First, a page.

Lights, Camera, Distraction!

Competitions are full of distractions. There is a screaming audience, judges on the side of the floor, other competitors getting in your way, tight costumes with strips of fabric or stones flying everywhere, perhaps a new venue with a different sized floor and maybe even bright lights and cameras.  Not only do you have to fight off your nerves, but you also have to deal with trying to show your best quality performance in the midst of all this mayhem!

distraction3You watch all the more experienced dancers at the IDSF competitions and wonder just how they do it!  Well, many of the International dancers in Europe have competitions scheduled every weekend.  Because there is so much more dancing going on in Europe, and it is much easier to fly from country to country, the International dancers get a lot more practice on the competition floor.  For us locals, on the other hand, it’s tough to get the experience we need, with only 4-6 competitions held in Vancouver per year.

So what can we do here in Vancouver, to hone our skills and fight all these distractions?

Practice during practice.  Compete during competition.

Competitions are not the time to be working on specific things.  Make sure that you have practiced enough, so that the actions or concepts that you are currently trying to achieve are committed to your muscle memory.  Then, during competition, you can let go; allow your body to do it automatically, and dedicate your energy to expressing the music and dealing with the distractions around you.

I distinctly remember dancing Snowball at the Hyatt one year.  Between each heat, we had to walk off the floor, go all the way around a huge set of bleachers and then back to the marshalling area.  During this time, my partner Joel thought it would be a good idea to go over all the things we had to do for the next dance.  He would go and recite everything we’d been working in that particular dance during the past month.  It was driving me crazy!  By the time the Foxtrot came around, I just had to tell him to stop!!!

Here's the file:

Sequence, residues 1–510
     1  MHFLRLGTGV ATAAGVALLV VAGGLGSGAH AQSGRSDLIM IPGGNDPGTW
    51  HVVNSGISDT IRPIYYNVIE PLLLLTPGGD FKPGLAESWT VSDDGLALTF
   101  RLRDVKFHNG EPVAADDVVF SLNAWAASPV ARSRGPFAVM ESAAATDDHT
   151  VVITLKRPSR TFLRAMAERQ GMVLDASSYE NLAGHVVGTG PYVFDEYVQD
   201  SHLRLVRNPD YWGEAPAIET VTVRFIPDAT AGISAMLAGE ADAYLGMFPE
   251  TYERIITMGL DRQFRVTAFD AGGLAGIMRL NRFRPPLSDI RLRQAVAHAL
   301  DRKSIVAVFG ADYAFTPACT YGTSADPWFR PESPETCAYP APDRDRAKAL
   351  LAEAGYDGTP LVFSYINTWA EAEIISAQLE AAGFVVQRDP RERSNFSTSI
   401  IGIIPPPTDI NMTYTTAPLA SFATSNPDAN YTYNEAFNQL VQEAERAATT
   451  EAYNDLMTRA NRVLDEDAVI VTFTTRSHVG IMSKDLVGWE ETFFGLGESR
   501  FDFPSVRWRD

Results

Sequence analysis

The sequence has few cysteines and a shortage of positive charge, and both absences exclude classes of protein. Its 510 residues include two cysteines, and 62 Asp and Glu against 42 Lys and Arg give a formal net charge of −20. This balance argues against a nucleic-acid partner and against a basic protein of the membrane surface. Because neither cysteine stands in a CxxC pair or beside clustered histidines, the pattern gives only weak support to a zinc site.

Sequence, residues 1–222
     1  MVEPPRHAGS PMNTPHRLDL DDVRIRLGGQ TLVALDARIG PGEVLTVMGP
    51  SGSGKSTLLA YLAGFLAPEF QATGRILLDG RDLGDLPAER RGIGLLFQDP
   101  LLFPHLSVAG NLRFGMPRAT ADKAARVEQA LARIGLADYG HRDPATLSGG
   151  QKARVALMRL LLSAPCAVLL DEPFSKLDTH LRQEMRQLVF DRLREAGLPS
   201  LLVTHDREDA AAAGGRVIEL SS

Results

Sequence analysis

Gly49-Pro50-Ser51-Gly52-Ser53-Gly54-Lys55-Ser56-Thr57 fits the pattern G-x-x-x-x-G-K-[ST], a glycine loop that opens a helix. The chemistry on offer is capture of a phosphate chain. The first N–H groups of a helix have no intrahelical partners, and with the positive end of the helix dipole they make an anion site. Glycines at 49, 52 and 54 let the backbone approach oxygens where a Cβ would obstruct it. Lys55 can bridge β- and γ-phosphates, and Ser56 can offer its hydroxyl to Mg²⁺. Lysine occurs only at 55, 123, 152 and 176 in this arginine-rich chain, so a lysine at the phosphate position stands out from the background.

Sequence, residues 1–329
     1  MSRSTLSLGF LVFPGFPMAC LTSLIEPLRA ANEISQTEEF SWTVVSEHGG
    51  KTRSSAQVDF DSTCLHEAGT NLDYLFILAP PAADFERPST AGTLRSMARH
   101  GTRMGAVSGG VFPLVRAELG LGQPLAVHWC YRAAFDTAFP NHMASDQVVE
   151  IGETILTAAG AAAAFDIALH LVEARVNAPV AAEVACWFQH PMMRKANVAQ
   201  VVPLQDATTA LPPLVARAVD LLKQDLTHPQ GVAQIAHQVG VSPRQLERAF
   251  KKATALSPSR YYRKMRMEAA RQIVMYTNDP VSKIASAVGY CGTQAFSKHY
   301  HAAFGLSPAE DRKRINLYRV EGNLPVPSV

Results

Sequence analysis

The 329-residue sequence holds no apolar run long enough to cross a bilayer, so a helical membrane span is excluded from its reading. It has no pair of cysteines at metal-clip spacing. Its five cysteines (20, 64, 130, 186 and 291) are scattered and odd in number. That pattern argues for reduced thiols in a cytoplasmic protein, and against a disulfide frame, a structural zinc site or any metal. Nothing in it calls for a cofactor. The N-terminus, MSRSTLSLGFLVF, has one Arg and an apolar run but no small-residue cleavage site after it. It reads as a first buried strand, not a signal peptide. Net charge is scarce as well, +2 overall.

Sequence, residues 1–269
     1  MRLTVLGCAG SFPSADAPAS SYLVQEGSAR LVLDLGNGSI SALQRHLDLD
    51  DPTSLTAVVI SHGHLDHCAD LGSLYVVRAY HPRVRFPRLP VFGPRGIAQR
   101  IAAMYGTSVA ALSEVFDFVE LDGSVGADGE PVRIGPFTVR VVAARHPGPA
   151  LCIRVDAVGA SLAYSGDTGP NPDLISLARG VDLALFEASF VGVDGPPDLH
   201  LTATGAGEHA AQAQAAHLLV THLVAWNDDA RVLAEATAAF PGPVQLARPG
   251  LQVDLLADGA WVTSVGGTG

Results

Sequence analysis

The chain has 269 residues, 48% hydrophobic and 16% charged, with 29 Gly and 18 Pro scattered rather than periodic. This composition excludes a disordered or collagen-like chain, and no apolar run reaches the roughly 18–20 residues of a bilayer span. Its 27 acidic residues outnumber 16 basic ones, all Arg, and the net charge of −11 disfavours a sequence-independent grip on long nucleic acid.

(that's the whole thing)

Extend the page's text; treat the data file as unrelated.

If there’s anything we’ve learnt over our years of competing, it’s that you can only handle one or two key words, and that’s about it.  Don’t think about a hundred different things as you dance.  Take it from me:  that can be even more distracting than the lights, cameras and other dancers on the floor!

Participate in as many competitions as you can.

In the height of our competitive career, we went to a competition almost every 2 weeks (which is not even close to what the International competitors do)!  During that time, we certainly learned a lot.  We improved our floorcraft skills; we got better at avoiding people, better at adapting to different floors, and therefore less nervous and more confident overall.

Some things you can only learn through experience, and controlling your emotions in a high-stress situation, like competition, is definitely one of them.  Practicing in some quiet little community gym with no one around you is often effective for practice, but it will not give you the pressure that you need to handle the real-life situation.  You need to be thrown into the wild, to see if you can really survive!

Create your own distractions.

So what if you still can’t get enough experience on the floor, because you just don’t have access to enough competitions nearby?  No problem.  Create your own high-stress environments.  Change venues for practice, so that you’re forced to deal with different floors.  Do demonstrations whenever you can, so that you practice in your costumes and have an audience watching your every move.  Go to your local competitor practices, and force yourself to keep dancing even when you bump into your fellow dancers.

At JC Dance Co., we really emphasize the importance of floorcraft, distraction and performance to all of our competitors.  That’s why we designed PEAK, our Performance Enhancing Approach to Kompetition, which offers students a weekly testing ground in order to improve their ability to handle distractions.  Each week, we monitor their improvement as they become more proficient at handling floorcraft situations and distractions, and can therefore concentrate on other aspects of performance, like maintaining confidence and expressing the music.

Leave a Reply

Your email address will not be published.